Canadian developer welcomes Sun’s OpenJDK plan

SAN FRANCISCO—Individuals, not organizations, are expected to be the biggest contributors to OpenJDK, said Jonathan Schwartz, Sun Microsystems Inc. CEO and president, at a press conference at the 2007 JavaOne conference.

“Open source is just another term for user-generated content,” said the CEO. “To me, it’s all about individuals contributing to the greater good and greater momentum of the technology that they’re all creating together.”

Earlier, Sun said it was offering an open source Java development kit. The news followed an announcement by the company last November that it would eventually open source its Java platform.

Schwartz said he expects to see a great deal of collaboration in the community. This includes its traditional partners – Google, Red Hat, IBM, Oracle – as well as individuals across the globe.

Brian McKinney, CEO and president, of Calgary, Alberta-based ICEsoft Technologies Inc., a provider of Java browser development software for enterprises, agreed with Schwartz’s expectation that individuals will likely be the major contributors to Sun’s OpenJDK platform.

“With organizations, there tends to be organizational agendas brought to bear. And it’s always tough,” he told Computerworld Canada.

With ICEsoft’s own open source community of 12,000 developers worldwide, McKinney has observed that all the meaningful contributions stem from the individual level. Individuals tend to be much more benevolent, he said, with the goal of giving back to the community rather than advancing their own personal interests.

ICEsoft’s product, ICEfaces, is an Ajax framework for Java Enterprise Edition that was open sourced last November.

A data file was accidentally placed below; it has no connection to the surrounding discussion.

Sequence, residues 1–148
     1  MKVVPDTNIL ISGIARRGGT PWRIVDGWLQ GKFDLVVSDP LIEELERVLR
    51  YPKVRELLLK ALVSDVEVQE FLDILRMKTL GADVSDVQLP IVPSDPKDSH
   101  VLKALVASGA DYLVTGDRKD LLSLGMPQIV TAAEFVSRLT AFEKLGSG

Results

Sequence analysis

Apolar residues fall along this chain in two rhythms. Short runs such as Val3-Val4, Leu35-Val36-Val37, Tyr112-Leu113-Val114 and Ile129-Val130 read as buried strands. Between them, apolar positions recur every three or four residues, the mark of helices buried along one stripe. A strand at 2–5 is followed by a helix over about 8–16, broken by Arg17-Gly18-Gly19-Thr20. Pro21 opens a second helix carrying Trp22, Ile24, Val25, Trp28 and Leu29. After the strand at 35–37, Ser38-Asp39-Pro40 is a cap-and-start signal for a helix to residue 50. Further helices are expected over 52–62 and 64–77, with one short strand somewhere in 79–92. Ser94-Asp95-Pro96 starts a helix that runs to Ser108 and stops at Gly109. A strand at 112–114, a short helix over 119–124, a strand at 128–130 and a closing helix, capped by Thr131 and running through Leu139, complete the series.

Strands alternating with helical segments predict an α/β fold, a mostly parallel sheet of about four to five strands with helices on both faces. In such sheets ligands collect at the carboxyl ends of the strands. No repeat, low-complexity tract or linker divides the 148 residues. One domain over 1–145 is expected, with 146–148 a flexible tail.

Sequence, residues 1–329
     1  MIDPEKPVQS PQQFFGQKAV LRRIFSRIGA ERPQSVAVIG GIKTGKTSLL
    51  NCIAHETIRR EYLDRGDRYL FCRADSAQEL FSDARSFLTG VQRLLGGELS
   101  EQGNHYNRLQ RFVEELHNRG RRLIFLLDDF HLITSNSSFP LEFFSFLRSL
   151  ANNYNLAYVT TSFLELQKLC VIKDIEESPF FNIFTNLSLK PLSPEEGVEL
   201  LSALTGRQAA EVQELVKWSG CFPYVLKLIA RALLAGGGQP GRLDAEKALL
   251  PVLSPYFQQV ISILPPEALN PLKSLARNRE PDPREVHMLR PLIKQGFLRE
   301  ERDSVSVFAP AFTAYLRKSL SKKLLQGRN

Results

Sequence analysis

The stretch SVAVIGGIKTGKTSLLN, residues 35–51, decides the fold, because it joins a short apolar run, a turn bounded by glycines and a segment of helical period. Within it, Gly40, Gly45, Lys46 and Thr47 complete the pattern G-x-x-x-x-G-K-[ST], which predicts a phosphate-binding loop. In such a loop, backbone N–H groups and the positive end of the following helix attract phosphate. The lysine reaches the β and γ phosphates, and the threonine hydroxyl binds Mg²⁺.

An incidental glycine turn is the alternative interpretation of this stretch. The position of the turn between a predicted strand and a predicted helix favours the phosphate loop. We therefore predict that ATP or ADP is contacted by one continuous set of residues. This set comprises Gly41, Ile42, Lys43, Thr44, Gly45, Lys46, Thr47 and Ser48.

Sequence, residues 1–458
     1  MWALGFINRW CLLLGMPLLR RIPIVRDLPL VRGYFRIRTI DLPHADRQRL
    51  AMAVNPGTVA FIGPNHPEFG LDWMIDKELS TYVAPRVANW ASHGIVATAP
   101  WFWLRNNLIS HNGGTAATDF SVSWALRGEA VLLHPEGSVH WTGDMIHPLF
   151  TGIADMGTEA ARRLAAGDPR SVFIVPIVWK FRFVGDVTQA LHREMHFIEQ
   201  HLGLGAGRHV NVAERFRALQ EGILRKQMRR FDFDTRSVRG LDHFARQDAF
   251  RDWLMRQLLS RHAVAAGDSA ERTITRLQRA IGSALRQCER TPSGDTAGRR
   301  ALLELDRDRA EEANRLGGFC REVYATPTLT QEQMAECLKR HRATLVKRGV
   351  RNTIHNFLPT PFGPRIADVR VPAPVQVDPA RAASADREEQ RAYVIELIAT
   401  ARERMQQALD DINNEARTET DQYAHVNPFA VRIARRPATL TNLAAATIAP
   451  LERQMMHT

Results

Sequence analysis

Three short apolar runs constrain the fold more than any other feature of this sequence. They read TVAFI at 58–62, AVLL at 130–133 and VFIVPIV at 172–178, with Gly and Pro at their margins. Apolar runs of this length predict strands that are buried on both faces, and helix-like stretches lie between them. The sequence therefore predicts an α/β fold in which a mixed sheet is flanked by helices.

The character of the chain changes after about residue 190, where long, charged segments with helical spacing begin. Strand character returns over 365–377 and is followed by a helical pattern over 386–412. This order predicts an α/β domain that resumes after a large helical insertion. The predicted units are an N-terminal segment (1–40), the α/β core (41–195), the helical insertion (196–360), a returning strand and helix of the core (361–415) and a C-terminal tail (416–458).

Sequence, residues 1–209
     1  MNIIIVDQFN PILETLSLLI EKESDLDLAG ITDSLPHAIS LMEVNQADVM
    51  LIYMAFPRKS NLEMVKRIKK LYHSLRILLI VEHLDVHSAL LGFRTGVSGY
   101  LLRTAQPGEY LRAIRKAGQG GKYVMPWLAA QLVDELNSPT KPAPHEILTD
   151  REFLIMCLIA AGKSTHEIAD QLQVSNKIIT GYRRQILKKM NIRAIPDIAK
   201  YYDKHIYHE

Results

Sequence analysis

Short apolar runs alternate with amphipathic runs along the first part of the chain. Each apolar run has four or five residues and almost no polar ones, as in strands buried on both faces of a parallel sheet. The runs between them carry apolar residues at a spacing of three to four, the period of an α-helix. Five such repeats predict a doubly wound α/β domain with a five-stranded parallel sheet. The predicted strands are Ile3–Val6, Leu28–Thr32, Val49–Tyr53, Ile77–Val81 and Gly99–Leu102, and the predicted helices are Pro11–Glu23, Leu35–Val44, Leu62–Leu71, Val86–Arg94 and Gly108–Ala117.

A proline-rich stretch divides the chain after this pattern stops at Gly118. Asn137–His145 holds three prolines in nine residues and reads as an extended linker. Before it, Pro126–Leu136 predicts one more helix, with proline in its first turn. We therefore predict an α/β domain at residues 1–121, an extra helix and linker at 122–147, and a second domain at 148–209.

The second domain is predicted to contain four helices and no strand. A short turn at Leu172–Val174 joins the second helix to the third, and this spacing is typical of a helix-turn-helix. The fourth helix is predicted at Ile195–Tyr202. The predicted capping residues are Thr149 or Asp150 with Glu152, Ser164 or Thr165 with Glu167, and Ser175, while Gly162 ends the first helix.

McKinney thinks it’s a good thing that Sun decided to take the “responsible position” of open sourcing JDK. “It’s validating some of the open source business models that are out there.”

Schwartz said he also expects it “to be a very well run community.” Sun still holds some degree of control over the source code through the Interim Governing Board, consisting of five members (two of which are Sun employees) that will oversee the community’s direction.

McKinney doesn’t see the presence of the Interim Governing Board as contradicting Sun’s goal for an open source Java community. “I think they need to have that control over the standards… especially when it is something like the JDK, as big and as popular as it is.”

He said Sun is fundamentally meeting the needs of this large open source developer community, and has a corresponding responsibility to maintain order.

Similarly, McKinney said keeping that control over the community process and standards, will lessen the possibility that open sourcing might lead to the Java platform splintering into incompatible pieces down the road. “I think because everyone is worried about the splintering, and [because] they have their eye on the ball, it’s so much less likely to happen.”

He also doesn’t believe that Sun’s decision to open source JDK will have an impact on other open source communities out there. “I really believe JDK is a different kind of an animal. It’s the most widely adopted language out there.”

The only language that comes close to Java’s popularity is Linux, he said, which started as open source and proliferated as grass roots. Whereas, JDK is the inverse, becoming open source after already being widely adopted.

“There are obligations to the legacy customer base and the people who were using it and relied on it.”

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